On the 22nd of August 1791 a revolt was staged by slaves in the French colony of the island, Saint-Dominique, which would not only spark the beginnings of the Haitian Revolution, but inspire a wave of revolts throughout Latin America. The oppressed would fight the oppressor in a bid to gain freedom.
The news of the Haitian Revolution would reach the shores of Salvador Bahia and beyond. I don’t think it is a coincidence that I am in Haiti on the anniversary of a significant revolt which took place 222 ago! My Tabom heritage may not exist had the slaves in Bahia not heard news of a colony of ex-slaves ruling themselves as a freed Republic!
I’m even more so convinced that it wasn’t by coincidence either that on the 24th of January this year, I was reading about a group of African muslim slaves who were conducting an important meeting, not so far from where I sat reading in Salvador, on the same date in 1835. The revolt they planned started prematurely hours later, on the 25th January 1835. This revolt would mark a significant part of Brazil’s history… And my own story…
It was in the month of August that the (second) group of Afro-Brazilians arrived on the shores of Ghana (then Gold Coast) on or around the 8th August 1836. The revolt of 1835 played a key role in them being expelled or winning /buying their freedom. Needless to stay, they left the oppression Brazil in search of freedom. And they would find it in Accra and become known as known as Tabom.
Coincidently muslims celebrated Eid all over the world on this date just a few weeks ago, 8th August. It mustn’t be forgotten that the Tabom returnees were muslim. Their faith played a key role in their struggle for freedom in the Malê (reference to the African muslim slaves of Bahia, said to be of Hausa origin from Nigeria) revolt of 1835.
I would like to think that this strength of my ancestors has been passed onto me as I continue my research which took me to Brazil and now Haiti. My research has gone beyond tracing my ancestry to Brazil (which I have done; next stage is tracing the origins in Nigeria)… It is now about discovering the strengths and traits of who I am, and why I am (here).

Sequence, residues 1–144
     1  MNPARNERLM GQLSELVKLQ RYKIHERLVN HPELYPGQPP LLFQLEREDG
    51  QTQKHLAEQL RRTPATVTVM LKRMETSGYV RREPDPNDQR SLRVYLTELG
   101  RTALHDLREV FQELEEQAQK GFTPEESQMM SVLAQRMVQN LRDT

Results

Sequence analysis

This month also saw the celebration of my favourite Ghanaian festival Homowo. The Ga tribe of Greater Accra celebrate the end of the a plentiful harvest, paying homage to a time long ago when our ancestors experienced a great famine across the lands belonging to the Ga people. When the heavens finally opened up, they reaped their crops so plentiful, they “hooted at hunger”. This is also the start of our New Year. We say “Afi oo Afi” wishing each other a happy new year.
So with these significant events interlinked and their dates occurring in August across various countries and centuries, I think that makes this month rather special for me as a Tabom descendant!
It was also my Aunty Marian’s birthday last week- she is my talking Tabom reference book! So this is in fact a month of celebration! I’m grateful and thankful to have an aunt who I have a strong bond with. She tirelessly answers any of my questions regarding my family history and African history in general. She is proof that our history begins with speaking with our elders and recording their information. We cannot wait for until our elders pass then it becomes HiStory. It is ours- not ‘his’, first and foremost. Thank you Aunty Marian and many of my tabom family who have contributed.
I’ll end with a few supporting extracts from the book (latest edition is being prepared) “Eles Voltaram (/They returned)” by Alcione Amos which she was kind enough to send me personally. It was largely due to the writings of Mrs Amos that I was able to place together the missing piece of my Tabom ancestor.
“A second group of Afro-Brazilians arrived around August 8, 1836 from Bahia. This group included about 200 men, women and children. They were identified as “liberated slaves,” and their arrival date seems to indicate that they either were expelled from Bahia in the wake of the Malê revolt of 1835, or decided to leave because of the harsh living conditions imposed on blacks after the revolt. They were well received by Ankrah, but not by the Dutch authorities…”